Celebrating community festivals

A recent e-mail message from a cousin who lives in Canada told how his family celebrated the Harvest Festival together. We were still looking ahead to Halloween, and then the weeks until Thanksgiving, the American pilgrim’s harvest festival translated Hawaiian style. I had just written to this green-thumb cousin about my weekend experience at my favorite non-competitive hula event, the Emalani Festival held in the green meadow of Kokee annually to honor Queen Emma’s historic trek up the mountains in search of forest and swamp views and plants. Also, I’d had that word “festival” pop out at me several times as I read our local news detailing the Princess Kai‘ulani Keiki Fest, the recent Canoe Plants Festival and the Kauai Chocolate and Coffee Festival.

I decided to look up “festival.” According to the Oxford American Desk Dictionary and Thesaurus, it means, (1) a day or period of celebration, religious or secular; (2) a series of cultural events. Synonyms are: holiday holy day, fete, fiesta, feast, carnival.

I had guessed at the feast aspect from the sound of the word, and “festival” definitely derives from that root meaning. But besides harvest festivals and other festivals associated with eating and feasting (another set of examples, our Coconut and Taro Festivals), we have had Poetry Fests (for short), and going with the cultural aspects, the Aloha and Mokihana Festivals, and even our winter-to-spring E Kanikapila Kakou music and singing program, which could be considered a festival, as well as August’s annual Tahitian Heiva.

Over the years, I’ve made friends with regular visitors who come for a stay on Kauai annually to take part in E Kanikapila, and the Emalani and Coconut Festivals. I’m sure each reader has had a similar experience with its own set of particulars. One family friend was oh-so-disappointed that her visit was just a tad early for the Japanese heritage Matsuuri Festival this year.

However, some years ago, other friends of the family and family members were thrilled to experience the summer O-Bon Festivals and the prayerful launchings of the lighted boats for the ancestors from Kukuiula Harbor, a truly unexpected and moving set of experiences for them. When my younger granddaughter arrived from Colorado to celebrate her 6th birthday, her flight landed just hours before our island’s Christmas festivities launched. The down-home “Lights on Rice Street” parade was her entry to this island and put stars in her eyes.

The strength of these locally celebrated gala times is the sense of community that occurs as we gather to share in the experience of each celebration, whether it’s a religious or secular occasion or based on ethnic foods, senior talents, art and craft, books, poetry, music, film or just getting together in a home town on a first Friday or Saturday “fair” night.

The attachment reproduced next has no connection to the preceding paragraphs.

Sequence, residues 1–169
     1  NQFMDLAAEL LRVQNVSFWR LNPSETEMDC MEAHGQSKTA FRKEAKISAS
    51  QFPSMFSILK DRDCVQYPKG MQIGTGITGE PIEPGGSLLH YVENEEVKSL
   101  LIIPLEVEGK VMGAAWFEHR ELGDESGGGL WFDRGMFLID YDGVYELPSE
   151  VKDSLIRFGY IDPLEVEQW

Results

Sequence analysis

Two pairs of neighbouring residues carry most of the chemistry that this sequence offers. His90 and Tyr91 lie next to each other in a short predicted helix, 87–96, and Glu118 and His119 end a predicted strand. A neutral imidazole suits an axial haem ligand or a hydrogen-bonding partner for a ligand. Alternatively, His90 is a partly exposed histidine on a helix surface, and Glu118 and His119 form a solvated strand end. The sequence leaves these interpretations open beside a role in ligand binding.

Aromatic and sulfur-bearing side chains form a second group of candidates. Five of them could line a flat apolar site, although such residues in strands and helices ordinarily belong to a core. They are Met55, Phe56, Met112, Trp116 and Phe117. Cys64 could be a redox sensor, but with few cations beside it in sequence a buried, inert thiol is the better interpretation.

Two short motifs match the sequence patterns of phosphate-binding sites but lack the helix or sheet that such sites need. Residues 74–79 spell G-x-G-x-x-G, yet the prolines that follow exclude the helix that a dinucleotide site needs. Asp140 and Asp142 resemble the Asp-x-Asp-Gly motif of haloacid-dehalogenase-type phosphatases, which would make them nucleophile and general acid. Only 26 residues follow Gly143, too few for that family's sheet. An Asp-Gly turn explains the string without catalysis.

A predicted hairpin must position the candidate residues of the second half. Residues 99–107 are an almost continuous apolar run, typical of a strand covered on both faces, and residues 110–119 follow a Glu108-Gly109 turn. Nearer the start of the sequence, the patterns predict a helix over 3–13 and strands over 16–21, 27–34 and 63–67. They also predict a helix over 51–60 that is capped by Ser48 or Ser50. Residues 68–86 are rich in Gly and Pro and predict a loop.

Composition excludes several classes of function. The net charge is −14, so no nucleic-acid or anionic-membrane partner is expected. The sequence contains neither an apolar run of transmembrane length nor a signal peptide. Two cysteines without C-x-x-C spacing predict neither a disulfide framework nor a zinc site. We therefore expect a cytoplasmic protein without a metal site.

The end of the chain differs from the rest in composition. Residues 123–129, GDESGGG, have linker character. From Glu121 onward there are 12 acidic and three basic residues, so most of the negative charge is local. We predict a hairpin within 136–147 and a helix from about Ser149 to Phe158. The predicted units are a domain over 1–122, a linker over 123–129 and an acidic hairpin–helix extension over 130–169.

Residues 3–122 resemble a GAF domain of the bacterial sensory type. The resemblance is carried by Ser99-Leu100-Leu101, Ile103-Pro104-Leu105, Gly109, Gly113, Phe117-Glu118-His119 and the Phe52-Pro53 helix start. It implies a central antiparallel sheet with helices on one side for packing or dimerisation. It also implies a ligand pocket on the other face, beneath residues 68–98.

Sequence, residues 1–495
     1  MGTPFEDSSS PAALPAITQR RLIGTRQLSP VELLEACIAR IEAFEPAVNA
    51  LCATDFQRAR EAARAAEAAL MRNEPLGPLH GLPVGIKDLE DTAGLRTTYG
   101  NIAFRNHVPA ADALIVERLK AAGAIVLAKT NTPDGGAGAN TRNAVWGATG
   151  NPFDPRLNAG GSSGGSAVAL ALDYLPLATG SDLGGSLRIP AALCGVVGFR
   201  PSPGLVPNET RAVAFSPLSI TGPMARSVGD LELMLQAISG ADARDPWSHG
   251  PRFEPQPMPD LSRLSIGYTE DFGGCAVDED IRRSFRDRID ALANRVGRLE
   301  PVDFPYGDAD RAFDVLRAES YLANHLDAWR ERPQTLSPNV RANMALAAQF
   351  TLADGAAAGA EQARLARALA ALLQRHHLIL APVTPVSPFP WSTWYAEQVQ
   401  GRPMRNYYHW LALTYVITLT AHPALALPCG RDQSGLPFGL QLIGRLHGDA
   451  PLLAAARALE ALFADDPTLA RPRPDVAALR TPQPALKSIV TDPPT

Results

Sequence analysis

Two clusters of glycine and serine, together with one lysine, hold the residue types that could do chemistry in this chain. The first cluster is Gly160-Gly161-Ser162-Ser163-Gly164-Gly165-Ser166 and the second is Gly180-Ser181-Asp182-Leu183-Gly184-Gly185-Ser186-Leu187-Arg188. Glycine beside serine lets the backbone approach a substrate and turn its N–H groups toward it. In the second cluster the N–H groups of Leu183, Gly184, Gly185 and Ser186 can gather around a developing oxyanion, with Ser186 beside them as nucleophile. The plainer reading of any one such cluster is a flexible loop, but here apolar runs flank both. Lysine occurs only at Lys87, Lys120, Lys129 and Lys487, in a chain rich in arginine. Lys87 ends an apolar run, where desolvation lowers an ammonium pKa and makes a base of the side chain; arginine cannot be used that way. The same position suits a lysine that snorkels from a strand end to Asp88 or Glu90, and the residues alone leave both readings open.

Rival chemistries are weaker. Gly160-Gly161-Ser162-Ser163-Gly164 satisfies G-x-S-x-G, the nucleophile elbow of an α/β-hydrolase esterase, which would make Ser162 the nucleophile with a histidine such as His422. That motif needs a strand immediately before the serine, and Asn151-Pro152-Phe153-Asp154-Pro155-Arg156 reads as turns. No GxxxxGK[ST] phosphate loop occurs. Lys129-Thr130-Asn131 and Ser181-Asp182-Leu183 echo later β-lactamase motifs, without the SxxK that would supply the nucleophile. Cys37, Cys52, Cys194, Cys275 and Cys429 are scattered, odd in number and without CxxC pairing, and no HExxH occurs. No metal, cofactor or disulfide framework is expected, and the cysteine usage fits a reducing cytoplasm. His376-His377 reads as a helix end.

That feeling of belonging, being part of the living, breathing whole of humans who are joining together for a distinct purpose at a given time, is like a joyful prayer that spreads like life-giving water back into our Kauai community, nourishing young and old, alike. The fact that the bonding together comes with a feeling of fun or gladness, if not reverence, and without the purpose of work, or winning and achieving, satisfies deep human thirst for soulful satisfaction and joy.

Remembering my own introduction to this isle a few weeks before Hurricane Iwa hit, it was right at Halloween. My pre-teen son had grown a pumpkin to decent jack-o-lantern size and was darned if he was going to let it rot back in our Denver garden.

Without knowing the strict agricultural rules, we gave it no thought as he hoisted it off the plane in his backpack. (It may have appeared that he was carrying a soccer ball?) It was scooped and carved into an appropriate goblin face and lit in the little vacation cottage that hung in 1982 mid-way along the cliffside of Kalapaki Bay. We may even have roasted the salt-water soaked pumpkin seeds to snack on, an annual tradition.

What I remember for certain, is Jason’s face as he hopped back into the car we were renting after his twilight trick-or-treat adventure up and down Umi Street in Lihue. “Mom, Dad … This man came to the door and bowed. He bowed! And look what he gave me.” He fished a neat little package out of his bag. It was tied in tissue with raffia and divulged contents of several candies and small bars. This may not seem unusual here, but it was different from the casually tossed in lollipop, candy bar or gum package that is the Mainland norm — and the polite Japanese bow during the presentation was a wonderful example of a memorable cultural difference. “Wow!” was all I could say then. That’s all I can still think to say after being fully acquainted with the kindness and hospitality of local folks.

Now, I won’t be bowing to all the little “Frozen” princesses, superheroes, and bums and witches that call at our door. And my offerings won’t be specially wrapped and tied (now that home-made popcorn balls are “out”), but I will be feeling a great sense of community with and aloha toward all the costumed kiddies that come along. They are more interested in having their get-ups admired than in getting a treat and don’t seem to have pranks and tricks in mind. If you’re under 12 and in my neighborhood, just watch for the aunty wearing the Burger King crown who lives behind the green door. Happy Halloween.

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Dawn Fraser Kawahara, author and poet, made her home on Kauai over 30 years ago. She and her husband, a retired biology teacher, live quietly with books, music and birds in Wailua Homesteads. The writer’s books may be found in local outlets and through Amazon. The “Green Flash” column she pens appears every other Monday in TGI.

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